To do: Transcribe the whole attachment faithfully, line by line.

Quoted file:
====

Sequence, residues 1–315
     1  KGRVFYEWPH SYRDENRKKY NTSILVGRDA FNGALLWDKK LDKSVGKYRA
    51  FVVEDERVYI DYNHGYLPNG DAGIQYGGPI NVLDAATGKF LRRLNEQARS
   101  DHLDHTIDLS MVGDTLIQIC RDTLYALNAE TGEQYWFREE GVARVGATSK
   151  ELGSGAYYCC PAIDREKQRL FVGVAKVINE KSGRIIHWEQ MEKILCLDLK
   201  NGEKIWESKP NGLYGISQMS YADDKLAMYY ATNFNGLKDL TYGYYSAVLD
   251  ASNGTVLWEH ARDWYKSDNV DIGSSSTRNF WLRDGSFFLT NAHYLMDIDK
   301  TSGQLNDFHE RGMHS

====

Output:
Sequence, residues 1–315
     1  KGRVFYEWPH SYRDENRKKY NTSILVGRDA FNGALLWDKK LDKSVGKYRA
    51  FVVEDERVYI DYNHGYLPNG DAGIQYGGPI NVLDAATGKF LRRLNEQARS
   101  DHLDHTIDLS MVGDTLIQIC RDTLYALNAE TGEQYWFREE GVARVGATSK
   151  ELGSGAYYCC PAIDREKQRL FVGVAKVINE KSGRIIHWEQ MEKILCLDLK
   201  NGEKIWESKP NGLYGISQMS YADDKLAMYY ATNFNGLKDL TYGYYSAVLD
   251  ASNGTVLWEH ARDWYKSDNV DIGSSSTRNF WLRDGSFFLT NAHYLMDIDK
   301  TSGQLNDFHE RGMHS